Flowers (Eyes, Swirls, and Hearts)

Anyone who knows George Rodrigue describes him as ‘manly.’ He has a deep voice and a large John Wayne-type rib cage; he wears alligator boots and drives a truck; he never misses a football game, and it pains him to attend the ballet or symphony; his favorite movies are The Searchers and High Noon, and his favorite meals are chili dogs and chocolate doughnuts. In short, it would be easy to mistake him for ‘macho,’ for someone devoid of a feminine side.

And yet, he paints flowers, hundreds of them, appearing in probably at least one out of every twenty paintings over the past fifteen years.

George first painted flowers in his Cajun works. These include Evangeline on the Azalea Trail, Jolie Blonde picking roses, or decorative elements in festival posters and portraits, such as his painting of former Louisiana Governor Edwin Edwards.

However, he wasn’t as fond of painting flowers in those days as he is today. In the Cajun works, the flowers referred to something in nature, something in South Louisiana, and George struggled with the native plants, especially azalea bushes, which easily shifted to an indistinguishable mass of color on canvas.

It was in the Blue Dog Series, particularly beginning in the mid-1990s with the silkscreens and later in the more abstract original paintings, that flowers became an important and frequent design element. (pictured, Inner Joy, acrylic on canvas, 2000)

At first George mimicked the dog’s eyes, implying flowers or stars in his designs. (I See You, You See Me, silkscreen, 1993)

“I repeated this pattern so that the dog floated with a bunch of eyes looking at it, looking at us. From that design, I shifted to flowers. The middle of the flower is the eye of the dog, and the petals can be any color.”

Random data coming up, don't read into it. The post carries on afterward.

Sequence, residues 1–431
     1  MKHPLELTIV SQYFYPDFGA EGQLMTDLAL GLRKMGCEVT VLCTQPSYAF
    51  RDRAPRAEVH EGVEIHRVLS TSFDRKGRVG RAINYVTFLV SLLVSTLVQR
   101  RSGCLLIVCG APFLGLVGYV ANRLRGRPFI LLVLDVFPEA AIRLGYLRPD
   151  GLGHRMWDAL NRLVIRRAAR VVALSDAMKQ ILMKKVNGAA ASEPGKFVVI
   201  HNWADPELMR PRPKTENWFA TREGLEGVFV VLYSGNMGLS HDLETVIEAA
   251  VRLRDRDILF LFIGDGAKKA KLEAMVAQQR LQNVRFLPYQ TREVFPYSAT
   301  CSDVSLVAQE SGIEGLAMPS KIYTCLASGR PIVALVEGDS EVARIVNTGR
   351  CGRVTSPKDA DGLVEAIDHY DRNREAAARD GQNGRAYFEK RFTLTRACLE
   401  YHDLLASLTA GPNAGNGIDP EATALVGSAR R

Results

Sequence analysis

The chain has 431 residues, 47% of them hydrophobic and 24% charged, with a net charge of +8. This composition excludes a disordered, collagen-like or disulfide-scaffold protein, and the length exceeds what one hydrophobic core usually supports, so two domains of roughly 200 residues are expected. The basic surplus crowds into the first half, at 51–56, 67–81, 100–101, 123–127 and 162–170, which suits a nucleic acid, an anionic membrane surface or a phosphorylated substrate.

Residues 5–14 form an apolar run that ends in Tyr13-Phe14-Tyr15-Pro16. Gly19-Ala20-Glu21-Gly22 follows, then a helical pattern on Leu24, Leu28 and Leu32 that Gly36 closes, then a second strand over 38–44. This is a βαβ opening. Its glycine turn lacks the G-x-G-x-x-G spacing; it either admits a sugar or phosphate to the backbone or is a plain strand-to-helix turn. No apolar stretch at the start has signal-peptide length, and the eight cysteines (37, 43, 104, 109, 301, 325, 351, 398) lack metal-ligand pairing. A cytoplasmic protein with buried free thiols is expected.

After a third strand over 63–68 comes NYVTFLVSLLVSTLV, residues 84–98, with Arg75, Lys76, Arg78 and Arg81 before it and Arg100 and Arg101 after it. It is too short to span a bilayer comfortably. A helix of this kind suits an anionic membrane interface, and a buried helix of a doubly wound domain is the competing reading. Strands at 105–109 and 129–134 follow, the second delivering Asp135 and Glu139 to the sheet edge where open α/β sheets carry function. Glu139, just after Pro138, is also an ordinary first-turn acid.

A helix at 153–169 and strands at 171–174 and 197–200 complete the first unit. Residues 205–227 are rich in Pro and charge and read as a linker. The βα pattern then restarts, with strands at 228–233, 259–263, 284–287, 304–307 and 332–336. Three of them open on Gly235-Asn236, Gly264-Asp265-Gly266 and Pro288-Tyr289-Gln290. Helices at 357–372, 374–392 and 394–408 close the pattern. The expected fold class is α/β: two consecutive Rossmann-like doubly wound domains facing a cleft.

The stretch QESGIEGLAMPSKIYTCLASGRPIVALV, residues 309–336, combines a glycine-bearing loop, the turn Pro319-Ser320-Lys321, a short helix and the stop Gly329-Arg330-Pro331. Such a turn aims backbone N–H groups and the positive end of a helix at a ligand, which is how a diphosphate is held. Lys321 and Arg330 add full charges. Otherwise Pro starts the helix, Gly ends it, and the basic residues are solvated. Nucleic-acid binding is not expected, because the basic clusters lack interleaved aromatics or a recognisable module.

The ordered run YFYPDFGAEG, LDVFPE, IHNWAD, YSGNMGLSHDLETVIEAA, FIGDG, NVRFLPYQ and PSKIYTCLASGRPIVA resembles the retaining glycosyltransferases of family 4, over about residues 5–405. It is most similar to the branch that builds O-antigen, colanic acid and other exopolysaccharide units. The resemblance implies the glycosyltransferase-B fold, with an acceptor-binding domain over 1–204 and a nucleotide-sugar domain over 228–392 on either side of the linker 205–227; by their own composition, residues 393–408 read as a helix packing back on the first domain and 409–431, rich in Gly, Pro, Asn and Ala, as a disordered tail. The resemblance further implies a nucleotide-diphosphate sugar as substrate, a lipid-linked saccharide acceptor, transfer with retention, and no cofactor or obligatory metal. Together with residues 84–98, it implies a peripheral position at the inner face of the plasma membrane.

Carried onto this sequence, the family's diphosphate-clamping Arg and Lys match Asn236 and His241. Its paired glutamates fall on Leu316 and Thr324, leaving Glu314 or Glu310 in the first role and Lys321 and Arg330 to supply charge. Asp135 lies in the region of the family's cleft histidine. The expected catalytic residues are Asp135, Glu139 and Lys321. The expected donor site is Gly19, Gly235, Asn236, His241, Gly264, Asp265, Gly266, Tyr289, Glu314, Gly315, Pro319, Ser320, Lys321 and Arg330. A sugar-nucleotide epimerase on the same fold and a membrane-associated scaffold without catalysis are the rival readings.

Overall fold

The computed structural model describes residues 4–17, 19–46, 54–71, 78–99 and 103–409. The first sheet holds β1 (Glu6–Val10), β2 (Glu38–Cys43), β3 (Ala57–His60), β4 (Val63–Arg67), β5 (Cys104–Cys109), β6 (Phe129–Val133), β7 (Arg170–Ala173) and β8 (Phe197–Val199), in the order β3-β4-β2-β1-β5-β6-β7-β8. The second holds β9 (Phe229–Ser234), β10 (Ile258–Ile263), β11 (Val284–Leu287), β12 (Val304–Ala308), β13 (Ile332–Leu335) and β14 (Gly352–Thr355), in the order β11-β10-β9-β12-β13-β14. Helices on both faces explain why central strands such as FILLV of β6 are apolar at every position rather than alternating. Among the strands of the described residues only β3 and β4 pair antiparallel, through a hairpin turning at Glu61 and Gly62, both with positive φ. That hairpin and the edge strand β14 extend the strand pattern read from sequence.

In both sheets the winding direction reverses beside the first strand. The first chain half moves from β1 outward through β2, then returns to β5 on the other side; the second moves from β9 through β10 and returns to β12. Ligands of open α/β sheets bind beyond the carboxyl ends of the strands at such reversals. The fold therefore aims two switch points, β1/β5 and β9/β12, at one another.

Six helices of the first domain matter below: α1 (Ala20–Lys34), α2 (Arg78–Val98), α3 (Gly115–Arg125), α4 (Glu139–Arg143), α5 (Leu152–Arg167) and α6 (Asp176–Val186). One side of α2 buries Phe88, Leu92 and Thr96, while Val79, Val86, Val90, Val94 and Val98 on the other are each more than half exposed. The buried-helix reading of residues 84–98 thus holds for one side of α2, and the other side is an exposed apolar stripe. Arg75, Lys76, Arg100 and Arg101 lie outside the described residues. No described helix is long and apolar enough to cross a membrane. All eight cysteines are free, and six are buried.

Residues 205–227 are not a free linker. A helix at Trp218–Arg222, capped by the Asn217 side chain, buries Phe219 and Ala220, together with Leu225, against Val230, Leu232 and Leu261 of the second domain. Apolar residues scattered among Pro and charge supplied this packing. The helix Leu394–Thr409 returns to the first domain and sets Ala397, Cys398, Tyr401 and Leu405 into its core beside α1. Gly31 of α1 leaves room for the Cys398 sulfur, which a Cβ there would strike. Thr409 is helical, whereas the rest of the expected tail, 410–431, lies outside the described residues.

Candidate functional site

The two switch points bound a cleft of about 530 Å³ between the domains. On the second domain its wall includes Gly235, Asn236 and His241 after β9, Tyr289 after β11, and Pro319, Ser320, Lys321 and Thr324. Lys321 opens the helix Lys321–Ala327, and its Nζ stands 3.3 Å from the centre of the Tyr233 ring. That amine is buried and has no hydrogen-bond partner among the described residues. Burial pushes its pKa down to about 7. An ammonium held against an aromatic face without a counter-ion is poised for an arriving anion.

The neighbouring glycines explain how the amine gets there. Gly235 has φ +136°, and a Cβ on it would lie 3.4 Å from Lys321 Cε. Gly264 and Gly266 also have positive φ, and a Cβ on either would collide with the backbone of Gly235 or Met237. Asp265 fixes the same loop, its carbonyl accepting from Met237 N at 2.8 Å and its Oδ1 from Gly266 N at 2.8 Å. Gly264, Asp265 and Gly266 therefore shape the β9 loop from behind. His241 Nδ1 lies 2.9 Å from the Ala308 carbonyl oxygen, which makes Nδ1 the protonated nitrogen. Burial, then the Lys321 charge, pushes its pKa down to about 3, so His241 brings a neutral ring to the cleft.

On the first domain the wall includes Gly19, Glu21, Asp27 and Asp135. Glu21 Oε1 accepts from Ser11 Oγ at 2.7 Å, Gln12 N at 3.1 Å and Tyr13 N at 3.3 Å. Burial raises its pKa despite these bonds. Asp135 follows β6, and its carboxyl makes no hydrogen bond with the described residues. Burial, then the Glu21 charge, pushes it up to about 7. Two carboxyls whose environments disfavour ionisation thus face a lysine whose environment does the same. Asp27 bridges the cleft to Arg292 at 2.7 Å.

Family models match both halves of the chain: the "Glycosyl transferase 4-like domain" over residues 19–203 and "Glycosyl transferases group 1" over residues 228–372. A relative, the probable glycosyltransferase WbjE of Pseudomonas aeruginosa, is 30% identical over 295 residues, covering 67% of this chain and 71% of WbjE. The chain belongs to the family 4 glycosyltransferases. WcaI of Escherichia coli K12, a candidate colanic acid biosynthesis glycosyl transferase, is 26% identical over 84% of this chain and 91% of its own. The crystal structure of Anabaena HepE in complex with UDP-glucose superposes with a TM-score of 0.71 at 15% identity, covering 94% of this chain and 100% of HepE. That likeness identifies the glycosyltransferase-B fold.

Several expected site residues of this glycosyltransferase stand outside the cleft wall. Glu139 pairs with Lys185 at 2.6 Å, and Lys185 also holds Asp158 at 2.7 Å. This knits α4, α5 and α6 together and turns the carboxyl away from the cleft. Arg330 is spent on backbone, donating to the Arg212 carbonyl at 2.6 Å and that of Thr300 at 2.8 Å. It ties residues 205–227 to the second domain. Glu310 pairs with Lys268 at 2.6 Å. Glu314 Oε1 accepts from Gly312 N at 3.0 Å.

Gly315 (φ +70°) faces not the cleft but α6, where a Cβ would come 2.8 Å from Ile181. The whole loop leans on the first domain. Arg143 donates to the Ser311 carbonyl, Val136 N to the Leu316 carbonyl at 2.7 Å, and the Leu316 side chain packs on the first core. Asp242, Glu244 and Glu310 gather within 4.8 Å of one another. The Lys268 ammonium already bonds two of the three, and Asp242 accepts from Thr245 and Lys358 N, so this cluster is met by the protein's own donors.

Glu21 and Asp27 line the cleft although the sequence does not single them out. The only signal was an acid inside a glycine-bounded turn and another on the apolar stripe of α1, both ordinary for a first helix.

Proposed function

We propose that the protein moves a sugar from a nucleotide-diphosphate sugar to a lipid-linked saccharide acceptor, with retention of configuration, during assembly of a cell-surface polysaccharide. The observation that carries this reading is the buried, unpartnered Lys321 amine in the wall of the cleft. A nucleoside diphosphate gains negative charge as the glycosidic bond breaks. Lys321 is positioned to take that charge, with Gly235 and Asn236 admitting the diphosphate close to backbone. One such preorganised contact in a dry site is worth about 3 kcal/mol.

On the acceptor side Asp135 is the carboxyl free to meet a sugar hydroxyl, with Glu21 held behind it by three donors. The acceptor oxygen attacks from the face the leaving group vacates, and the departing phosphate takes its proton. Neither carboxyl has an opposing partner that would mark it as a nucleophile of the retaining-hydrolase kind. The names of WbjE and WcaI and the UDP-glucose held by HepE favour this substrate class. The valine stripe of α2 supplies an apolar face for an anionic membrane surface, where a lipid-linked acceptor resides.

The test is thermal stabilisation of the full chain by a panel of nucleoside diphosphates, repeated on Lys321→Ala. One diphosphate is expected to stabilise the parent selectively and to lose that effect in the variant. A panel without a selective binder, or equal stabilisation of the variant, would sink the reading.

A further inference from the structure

(pictured, She’s Got Me Waiting with the Wallflowers, acrylic on canvas, 1994)

The flowers are simple and strong, in an effort to avoid motel kitsch. This grating reference goes back years for George, to an art contest in the early 1970s in Morgan City, Louisiana, when his oak trees were disqualified in favor of local paintings of magnolia blossoms. (The judges thought George was passing off antique paintings as his own; for more on this see the post The Art Contest)

(pictured, Our Love Blooms Forever, acrylic on canvas, 60×48, 2001)

“People ask me what kind of flowers they are, but I have no idea. They’re just petals with eyes in them to me.”

(Peep-eye With the Poppies, acrylic on canvas, 36×24, 2000)

Today Rodrigue paints flowers in the same way he paints swirls. The two are interchangeable in many cases, both simple elements that combine well with the strong Blue Dog shape. (Sock It To Me, 2009, 48×72; Earrings Look Good on Her, 2008, 36×48)

Whereas the flowers reference the eyes and seeing, the swirl is even more abstract in its concept, relating to the cosmos, the universe, or even a hurricane.

George often combines the two elements. (pictured, Alice in Wonderland, 2009, 48×60)

As further evidence of his feminine side (on canvas), he paints the flowers with hearts. Although appalled by motel kitsch, George embraces common symbols, such as stars and stripes for America, and especially hearts for love — a design element often combined with flowers. (Love Me, Watch Me Grow; and Love’s Sneakin’ Up On Me, both acrylic on canvas, 2001)

George amplifies these romantic references to love and the universe with his color palette. He ignores nature entirely, embracing pink and purple even when a landscape to the rest of us might call for green or brown. (Springtime in Louisiana, 2005)

As we all know, George Rodrigue loves color. Without a doubt, there is something endearing about this otherwise masculine and burly guy filling his canvas with flowers, hearts, and the color pink.


pictured above: Pretty Things Follow Me, 2001, 16×20, acrylic on canvas

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